Title: The Killing Code
Author: Ellie Marney
Published: September 2022
Publisher: Allen and Unwin
Readership: Young Adult
Content warnings: Death of a friend, murder, blood, assault and rape (mentioned, off page), WWII
I received a copy of The Killing Code from the publisher in exchange for a fair and honest review. All thoughts and opinions are my own.
A young codebreaker at Arlington Hall – the secret WWII Signals Intelligence unit in Washington DC – joins forces with other female codebreakers to hunt a murderer who is killing US government girls. Another page-turning YA thriller from the author of None Shall Sleep, perfect for fans of A Good Girl’s Guide to Murder.
1943. World War II is raging across Europe and on the Pacific front. Kit Sutherland is hiding a huge secret when she is unexpectedly recruited to work as a young codebreaker at Arlington Hall, a US Signals Intelligence facility.
When Kit’s roommate doesn’t return home from a dance, it sparks a search that ends in a gruesome discovery. And soon it turns into a horrifying pattern: Government girls are being murdered in Washington, DC.
Kit joins forces with three other girl codebreakers, Dottie, Moya and Violet, and as they work to crack the killer’s code, two things become terrifyingly clear: the murderer they’re hunting is getting closer every moment … and Kit’s own secret could put her in more jeopardy than she ever imagined.
Any time a new Ellie Marney book drops I’m always waiting very eagerly to read it, and The Killing Code was no exception. This book combines lots of elements that I love – smartly written YA thrillers, girl gangs and codebreaking history – into one very smart, engaging book.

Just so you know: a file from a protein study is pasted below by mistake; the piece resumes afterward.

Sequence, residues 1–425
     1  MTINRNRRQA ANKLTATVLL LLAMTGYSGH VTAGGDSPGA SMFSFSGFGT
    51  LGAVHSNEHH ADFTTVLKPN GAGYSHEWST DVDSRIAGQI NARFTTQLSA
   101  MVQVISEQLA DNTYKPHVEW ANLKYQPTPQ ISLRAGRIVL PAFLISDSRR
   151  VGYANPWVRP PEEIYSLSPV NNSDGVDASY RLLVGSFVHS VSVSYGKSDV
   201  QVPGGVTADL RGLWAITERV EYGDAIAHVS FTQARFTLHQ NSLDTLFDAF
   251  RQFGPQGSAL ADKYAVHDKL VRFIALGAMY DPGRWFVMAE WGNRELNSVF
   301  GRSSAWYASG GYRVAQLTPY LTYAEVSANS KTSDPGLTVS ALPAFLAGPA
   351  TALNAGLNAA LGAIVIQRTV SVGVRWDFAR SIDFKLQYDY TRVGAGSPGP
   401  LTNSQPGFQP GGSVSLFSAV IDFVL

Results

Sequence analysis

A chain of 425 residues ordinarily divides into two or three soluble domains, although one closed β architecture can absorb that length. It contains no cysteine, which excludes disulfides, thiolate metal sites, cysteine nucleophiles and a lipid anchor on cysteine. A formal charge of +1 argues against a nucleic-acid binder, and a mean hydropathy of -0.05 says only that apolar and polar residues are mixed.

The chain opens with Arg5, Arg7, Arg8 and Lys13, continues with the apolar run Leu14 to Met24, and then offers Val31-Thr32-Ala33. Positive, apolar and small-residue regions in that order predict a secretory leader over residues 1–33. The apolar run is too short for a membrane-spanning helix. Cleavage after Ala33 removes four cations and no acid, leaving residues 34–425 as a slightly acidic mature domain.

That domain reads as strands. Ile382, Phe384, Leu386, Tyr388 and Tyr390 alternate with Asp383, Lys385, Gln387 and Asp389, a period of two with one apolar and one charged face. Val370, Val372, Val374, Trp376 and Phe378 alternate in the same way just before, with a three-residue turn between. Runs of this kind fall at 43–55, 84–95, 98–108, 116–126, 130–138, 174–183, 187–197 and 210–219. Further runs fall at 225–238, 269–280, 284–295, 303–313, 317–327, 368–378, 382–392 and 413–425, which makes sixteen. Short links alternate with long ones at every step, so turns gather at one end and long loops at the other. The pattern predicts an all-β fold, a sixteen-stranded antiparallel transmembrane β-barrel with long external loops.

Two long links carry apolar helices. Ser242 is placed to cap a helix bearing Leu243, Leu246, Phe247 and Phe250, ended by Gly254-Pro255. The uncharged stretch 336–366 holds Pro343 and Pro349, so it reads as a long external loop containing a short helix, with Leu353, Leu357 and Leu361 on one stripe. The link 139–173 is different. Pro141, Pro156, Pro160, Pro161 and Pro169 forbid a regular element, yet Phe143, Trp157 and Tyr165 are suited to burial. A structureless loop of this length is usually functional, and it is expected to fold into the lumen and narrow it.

Kit Sutherland is a girl living a lie, recruited to Arlington Hall’s Signals Intelligence Unit and hoping that no one ever discovers her secret. When she finds one of the girls from her unit murdered, she and her friends Dottie, Moya and Violet won’t stop until the uncover the truth, even if it means her own truth comes out.
I’d read a little bit about the premise of the book prior to reading, but had avoided reading too much because I like to go into books blind, so the start of this book really threw me a curve ball I wasn’t expecting in terms of Kit’s secret (which we find out about in the first chapter). Kit is an interesting character – a girl with a secret, but a big heart and a very clever mind. She’s thrown herself into codebreaking and is good at it, but because of who she is she finds it hard to let other’s in. She’s also got a little crush on her supervisor and friend, Moya, who (to Kit’s mind) is everything she’s not.
The story is told from Kit and Moya’s POV (although we spend slightly more time in Kit’s POV) and we get to see how events at Arlington Hall and the nature of the murder investigation Kit and her friends decide to solve unfound in tandem. Kit attacks the clues left by the murderer like she would a code, and it was clear Ellie Marney had spent a lot of time researching the work of codebreakers from the quotes and interesting facts woven in to the story.
I love a strong female friendship and this group had a girl gang – all incredibly intelligent and capable young women hoping to make a difference in the world. I particularly enjoyed Violet’s character, a young Black woman determined to make changes, who opens the eyes of her new-found friends to the privilege they experience. There are a lot of great discussions around racial segregation and racism and how our characters have to learn to navigate that with regards to their friend – but there was never a moment when any of the characters treated Violet as anything other than an equal.
The reveal of the killer kept me guessing right until the very end, and that’s always a good sign.
I can’t wait for Ellie’s next release. Her books are always compelling and compulsively readable.